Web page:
The case, which alleges an officer used excessive force when he tased an unarmed man, was initially dismissed, but it's made its way all the way to the State Supreme Court.
The court battle has been going on for five years.
Bryan DeBaun says he was severely injured when he was tased during an encounter with an officer back in 2009. He suffered severe facial injuries when he was unable to break his fall, according to his attorney. DeBaun racked up nearly $40,000 in medical bills.
Citing other Taser cases where others have either been injured or killed, Debaun is hoping the Court of Appeals will declare the Durham Police Department's policy unconstitutional.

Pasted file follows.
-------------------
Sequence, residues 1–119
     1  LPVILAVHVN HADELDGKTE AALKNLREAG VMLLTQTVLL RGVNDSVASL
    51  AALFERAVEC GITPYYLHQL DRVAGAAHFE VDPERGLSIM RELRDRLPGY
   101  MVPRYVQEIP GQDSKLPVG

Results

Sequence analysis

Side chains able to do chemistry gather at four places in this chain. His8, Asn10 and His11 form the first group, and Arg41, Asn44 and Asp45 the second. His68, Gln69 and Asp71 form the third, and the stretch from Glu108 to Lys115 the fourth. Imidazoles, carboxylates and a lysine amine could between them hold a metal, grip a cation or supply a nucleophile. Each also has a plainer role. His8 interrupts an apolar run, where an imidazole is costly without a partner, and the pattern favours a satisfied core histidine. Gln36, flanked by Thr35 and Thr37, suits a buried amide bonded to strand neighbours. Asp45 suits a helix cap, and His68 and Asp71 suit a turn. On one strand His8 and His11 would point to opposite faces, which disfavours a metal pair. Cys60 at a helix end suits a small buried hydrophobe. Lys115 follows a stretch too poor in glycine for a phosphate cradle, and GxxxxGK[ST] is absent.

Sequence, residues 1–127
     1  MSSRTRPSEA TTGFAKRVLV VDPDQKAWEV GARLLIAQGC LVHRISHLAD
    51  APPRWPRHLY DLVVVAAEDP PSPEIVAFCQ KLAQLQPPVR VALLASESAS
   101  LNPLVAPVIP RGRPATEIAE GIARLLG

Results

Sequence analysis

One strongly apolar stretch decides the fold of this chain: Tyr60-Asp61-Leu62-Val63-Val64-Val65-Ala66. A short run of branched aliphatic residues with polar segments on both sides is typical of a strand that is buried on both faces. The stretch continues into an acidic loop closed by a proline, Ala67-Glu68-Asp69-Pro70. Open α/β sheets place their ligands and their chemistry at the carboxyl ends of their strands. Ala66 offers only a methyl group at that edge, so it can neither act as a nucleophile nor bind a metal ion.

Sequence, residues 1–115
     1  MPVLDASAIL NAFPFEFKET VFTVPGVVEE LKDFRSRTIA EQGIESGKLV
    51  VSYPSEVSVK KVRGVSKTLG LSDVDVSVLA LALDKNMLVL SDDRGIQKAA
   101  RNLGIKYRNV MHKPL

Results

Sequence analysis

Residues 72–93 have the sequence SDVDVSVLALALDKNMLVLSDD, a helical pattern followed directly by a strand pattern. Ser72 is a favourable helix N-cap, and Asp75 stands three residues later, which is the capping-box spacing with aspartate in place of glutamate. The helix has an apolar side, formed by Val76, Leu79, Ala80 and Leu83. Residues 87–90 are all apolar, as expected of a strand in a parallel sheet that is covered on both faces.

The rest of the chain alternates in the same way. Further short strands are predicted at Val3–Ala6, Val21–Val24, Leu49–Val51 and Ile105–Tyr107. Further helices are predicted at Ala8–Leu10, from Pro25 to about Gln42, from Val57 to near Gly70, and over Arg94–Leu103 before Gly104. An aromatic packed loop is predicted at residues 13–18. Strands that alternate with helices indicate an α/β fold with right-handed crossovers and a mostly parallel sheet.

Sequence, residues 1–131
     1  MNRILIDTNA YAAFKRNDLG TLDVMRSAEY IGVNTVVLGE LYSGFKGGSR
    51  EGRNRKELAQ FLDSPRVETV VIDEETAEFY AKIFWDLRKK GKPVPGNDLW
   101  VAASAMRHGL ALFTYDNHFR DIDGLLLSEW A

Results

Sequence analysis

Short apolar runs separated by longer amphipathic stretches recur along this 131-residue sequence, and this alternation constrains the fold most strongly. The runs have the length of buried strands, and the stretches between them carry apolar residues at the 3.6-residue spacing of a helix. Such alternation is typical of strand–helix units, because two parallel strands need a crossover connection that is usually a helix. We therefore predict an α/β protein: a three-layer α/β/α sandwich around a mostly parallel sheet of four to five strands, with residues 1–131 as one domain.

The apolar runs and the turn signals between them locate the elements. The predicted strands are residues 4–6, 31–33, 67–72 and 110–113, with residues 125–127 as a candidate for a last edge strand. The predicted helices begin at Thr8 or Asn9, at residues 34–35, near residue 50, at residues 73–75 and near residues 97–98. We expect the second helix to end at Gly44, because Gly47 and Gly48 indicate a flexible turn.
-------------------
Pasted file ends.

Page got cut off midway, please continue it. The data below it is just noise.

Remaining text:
"Mr. DeBaun feels strongly that this policy should be changed -- that other people will be seriously hurt, may be killed by this policy," said the plaintiff's attorney Alex Charns. "There's no reason, for our city fathers and mothers here, why they couldn't change this policy, why the chief of police couldn't change this policy."
DeBaun admitted he had been drinking the night an officer stopped him.
Charns said he's not calling for an outright ban on Tasers, just policies that emphasize more caution when using them.
According to court documents, the attorney for the officer who tasered DeBaun believes that's exactly what happened. He told the court that when the officer tried to prevent DeBaun from escaping police custody it, "... was objectively reasonable and that there is no basis upon which a factfinder could conclude that this authorized use of a Taser was excessive or unreasonable under the circumstances."
Because this case is still pending, the police department and the city have both declined to comment.